Artificial intelligence (AI) is playing an increasingly important role in cybersecurity. This is confirmed by a recent Pulse survey of 191 senior executives from companies on four continents: two out of three organizations (68%) say they are using tools that use AI technologies and among those who are not yet using AI, 67% are considering adopting it.
In recent weeks a critical vulnerability (CVE-2021-44228) has been discovered in Log4j2, a popular logging library for Java applications. Attackers can exploit this flaw by performing Remote Code Execution (RCE) on any systems where it is implemented.
Organizations of all sizes are struggling to keep up with the increasingly complex and evolving cybersecurity landscape. Threat actors aren’t just hunting large corporations, they’re aggressively targeting small and midsize businesses, too. As networks become more porous and cyber threats rise, organizations that lack in-house security expertise will increasingly become targets of attack and their losses will grow.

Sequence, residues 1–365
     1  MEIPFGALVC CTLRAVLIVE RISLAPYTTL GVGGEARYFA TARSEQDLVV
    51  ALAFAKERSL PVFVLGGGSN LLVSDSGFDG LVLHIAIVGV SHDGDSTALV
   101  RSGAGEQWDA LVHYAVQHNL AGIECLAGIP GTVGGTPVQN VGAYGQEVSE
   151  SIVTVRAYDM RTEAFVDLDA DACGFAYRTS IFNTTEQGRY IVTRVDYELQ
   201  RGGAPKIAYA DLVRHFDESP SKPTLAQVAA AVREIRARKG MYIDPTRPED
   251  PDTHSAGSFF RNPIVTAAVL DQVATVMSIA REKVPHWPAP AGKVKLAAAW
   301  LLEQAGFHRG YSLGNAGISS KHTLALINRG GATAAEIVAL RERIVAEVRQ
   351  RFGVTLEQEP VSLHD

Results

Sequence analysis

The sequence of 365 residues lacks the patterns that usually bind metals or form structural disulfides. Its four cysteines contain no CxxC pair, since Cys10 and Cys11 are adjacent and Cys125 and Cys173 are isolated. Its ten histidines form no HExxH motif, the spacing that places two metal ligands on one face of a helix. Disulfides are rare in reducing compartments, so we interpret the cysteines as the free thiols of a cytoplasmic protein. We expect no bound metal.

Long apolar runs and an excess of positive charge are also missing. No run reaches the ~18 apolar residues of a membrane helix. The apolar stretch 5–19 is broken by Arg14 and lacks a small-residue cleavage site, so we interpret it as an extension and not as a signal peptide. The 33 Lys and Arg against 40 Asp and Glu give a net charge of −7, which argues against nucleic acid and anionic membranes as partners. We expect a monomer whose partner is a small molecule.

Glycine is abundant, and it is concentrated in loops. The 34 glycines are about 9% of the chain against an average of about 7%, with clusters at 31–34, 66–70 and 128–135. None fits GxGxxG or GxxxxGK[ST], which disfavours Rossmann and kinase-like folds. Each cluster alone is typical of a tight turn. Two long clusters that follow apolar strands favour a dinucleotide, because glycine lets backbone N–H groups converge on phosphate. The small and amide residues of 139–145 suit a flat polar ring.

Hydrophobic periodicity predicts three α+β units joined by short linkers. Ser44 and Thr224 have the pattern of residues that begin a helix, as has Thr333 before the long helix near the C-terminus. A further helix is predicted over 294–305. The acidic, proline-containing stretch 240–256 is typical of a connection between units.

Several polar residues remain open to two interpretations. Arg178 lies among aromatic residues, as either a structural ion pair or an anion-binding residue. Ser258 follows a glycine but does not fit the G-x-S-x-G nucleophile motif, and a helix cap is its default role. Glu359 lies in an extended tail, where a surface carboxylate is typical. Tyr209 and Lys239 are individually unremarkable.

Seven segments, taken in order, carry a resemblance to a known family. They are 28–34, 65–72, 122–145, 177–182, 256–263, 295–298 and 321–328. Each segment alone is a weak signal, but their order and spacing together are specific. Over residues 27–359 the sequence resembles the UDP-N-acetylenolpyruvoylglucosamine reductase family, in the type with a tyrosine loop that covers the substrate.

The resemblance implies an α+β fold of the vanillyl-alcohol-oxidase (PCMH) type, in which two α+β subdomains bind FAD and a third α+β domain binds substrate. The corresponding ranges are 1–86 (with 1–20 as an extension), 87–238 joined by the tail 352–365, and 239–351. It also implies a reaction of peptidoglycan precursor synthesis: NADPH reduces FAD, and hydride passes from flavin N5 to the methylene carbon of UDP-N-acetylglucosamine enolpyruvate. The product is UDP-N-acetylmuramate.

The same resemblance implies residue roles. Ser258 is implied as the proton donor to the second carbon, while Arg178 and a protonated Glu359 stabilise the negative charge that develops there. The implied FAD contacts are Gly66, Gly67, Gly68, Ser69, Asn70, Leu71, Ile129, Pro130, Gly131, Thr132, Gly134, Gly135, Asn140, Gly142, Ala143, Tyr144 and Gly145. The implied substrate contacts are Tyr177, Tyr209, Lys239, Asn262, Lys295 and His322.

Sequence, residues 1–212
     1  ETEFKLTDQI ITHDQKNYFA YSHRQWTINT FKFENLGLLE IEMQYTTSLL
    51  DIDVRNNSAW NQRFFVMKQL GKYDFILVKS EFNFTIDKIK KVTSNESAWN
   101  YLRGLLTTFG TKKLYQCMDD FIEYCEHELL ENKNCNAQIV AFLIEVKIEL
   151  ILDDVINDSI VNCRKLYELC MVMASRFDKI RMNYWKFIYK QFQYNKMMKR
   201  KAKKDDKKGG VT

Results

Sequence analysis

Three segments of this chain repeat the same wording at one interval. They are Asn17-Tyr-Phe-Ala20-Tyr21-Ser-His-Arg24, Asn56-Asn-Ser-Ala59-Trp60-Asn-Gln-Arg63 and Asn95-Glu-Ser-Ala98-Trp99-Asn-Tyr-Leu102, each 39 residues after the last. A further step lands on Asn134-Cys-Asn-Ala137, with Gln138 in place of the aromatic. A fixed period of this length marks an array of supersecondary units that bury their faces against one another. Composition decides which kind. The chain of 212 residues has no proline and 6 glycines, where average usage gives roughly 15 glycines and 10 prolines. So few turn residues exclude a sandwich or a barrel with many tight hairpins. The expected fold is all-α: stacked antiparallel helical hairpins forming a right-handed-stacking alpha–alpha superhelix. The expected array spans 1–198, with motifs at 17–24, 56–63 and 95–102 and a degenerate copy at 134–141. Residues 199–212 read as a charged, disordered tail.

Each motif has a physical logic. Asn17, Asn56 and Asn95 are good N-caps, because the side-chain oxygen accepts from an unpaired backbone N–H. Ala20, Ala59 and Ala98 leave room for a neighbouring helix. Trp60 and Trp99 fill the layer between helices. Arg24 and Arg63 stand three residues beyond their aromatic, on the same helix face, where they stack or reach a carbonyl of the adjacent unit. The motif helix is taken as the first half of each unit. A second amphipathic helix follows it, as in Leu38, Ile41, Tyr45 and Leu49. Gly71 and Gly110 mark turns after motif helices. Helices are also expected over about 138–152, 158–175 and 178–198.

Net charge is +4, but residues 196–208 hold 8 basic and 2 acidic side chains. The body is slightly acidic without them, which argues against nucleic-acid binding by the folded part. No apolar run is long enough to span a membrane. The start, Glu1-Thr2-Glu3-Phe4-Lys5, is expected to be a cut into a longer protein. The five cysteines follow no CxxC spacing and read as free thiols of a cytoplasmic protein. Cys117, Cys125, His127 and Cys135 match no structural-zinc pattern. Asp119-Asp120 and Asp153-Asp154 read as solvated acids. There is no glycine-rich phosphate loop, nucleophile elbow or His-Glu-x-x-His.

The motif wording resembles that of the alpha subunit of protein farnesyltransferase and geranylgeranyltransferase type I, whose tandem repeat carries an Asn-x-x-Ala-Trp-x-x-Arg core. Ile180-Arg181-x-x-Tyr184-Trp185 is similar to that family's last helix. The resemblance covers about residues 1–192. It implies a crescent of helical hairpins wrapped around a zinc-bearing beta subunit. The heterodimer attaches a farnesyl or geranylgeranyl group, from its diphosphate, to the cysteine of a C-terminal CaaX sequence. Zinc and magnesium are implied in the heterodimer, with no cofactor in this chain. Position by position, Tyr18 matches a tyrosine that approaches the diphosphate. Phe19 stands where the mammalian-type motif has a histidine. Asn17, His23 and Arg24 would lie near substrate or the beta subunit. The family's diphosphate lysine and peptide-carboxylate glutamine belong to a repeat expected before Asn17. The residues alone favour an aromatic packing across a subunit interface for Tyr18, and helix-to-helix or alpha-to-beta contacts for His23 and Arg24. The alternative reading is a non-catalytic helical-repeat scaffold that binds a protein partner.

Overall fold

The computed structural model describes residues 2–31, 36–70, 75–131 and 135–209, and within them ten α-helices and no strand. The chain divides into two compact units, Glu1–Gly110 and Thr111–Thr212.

In my previous post, I discussed some of the most common types of services offered by managed service providers (MSPs). This brings us to what organizations need to do to prepare to work with an MSP. Here are some considerations to keep in mind.
Last time, I discussed the four basic types of managed service providers (MSPs) with which organizations commonly partner. Those categories help to determine the types of services offered by MSPs. In general, MSPs provide five primary services to customers.
CISA, the US Cybersecurity and Infrastructure agency, has recently released a report on Managed Service Providers (MSPs). The agency recognizes that MSPs play a critical role for businesses, providing IT services that would otherwise be too costly or too time-consuming and resource-intensive.
A rising tide lifts all boats. This common phrase offers a perfect explanation of why strong supplier and partner relationships are essential to the success of your business. Partner programs come in all shapes and sizes, but not all provide the same value to you and your business. However, when you invest in developing key business collaborations, both your company and its suppliers can reap the rewards of your efforts.